Winning companies also need to show how they support the provincial goal of raising the proportion of women in B.C.’s construction workforce to 10% by 2028. According to the BCCA, women make up just over 6% of B.C.’s construction workforce, and the Builders Code has been helping increase that number.

Vancouver-based Ram Consulting Ltd. won Builders Code awards two years in a row. Last year, Ram was recognized as a Workplace Culture Champion, and in 2019 it was named Recruiting and Hiring Champion. As Ram’s director of project management at the time, Jesse Unke was instrumental in helping Ram win the awards.

Unke, now Cowi’s vice-president of Canadian operations, recently signed the Builders Code pledge there. Unke said the Denmark-based consulting group will look at how it interacts with staff, partners, consultants and clients to see where improvements can be made. As president and chair of the British Columbia Construction Roundtable, Unke not only encourages companies to sign the pledge, but also to adopt ways to support inclusion.

Minerva BC, a non-profit group focused on advancing the economic and leadership potential of women, helped develop a benchmarking scorecard and the awards program.

“Through the awards we have learned about some really progressive and creative ways that employers are changing their culture to be more inclusive,” said Minerva CEO Tina Strehlke. “It challenges a lot of stereotypes that persist about the sector.”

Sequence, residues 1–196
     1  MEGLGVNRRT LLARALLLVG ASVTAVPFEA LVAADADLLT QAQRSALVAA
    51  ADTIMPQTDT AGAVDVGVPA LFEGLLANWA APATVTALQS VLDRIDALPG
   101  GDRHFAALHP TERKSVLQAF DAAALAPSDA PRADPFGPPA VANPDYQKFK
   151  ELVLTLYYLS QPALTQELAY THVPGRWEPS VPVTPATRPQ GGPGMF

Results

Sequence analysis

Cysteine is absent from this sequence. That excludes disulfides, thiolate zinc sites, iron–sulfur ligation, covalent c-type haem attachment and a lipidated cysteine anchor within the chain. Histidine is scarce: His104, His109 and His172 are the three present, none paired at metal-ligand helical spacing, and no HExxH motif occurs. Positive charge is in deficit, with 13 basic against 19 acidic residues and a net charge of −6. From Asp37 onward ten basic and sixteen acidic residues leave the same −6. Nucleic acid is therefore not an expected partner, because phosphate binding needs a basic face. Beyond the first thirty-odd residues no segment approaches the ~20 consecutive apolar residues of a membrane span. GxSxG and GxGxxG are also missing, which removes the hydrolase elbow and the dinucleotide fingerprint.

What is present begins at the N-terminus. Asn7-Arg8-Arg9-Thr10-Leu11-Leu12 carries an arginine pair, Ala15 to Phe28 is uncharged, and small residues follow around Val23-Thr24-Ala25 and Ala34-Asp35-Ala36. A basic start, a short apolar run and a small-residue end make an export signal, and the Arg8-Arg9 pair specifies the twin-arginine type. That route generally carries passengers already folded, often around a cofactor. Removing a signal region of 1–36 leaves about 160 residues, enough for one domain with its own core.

The awards also help women and other underrepresented workers identify which employers care about a safe and acceptable worksite, and where their skills will be valued, according to Strehlke.

Strehlke said employers who provide a safe and productive worksite and hold staff to a high standard of conduct create an environment where all workers can succeed.

“Making the link between bias and discrimination and safety is so important,” she said. “If an employee experiences sexism or racism on site, that site isn’t safe, nor is it as productive as it can be. Creating a culture of respect and inclusion allows all workers to show up and do their best work.”

Companies can also do more to help women advance into construction management and executive positions by investing early and often in women’s leadership development, connecting potential leaders with mentors and setting clear goals for women, according to Strehlke.

The application deadline for this year’s awards is October 15. For more information, visit builderscode.ca. •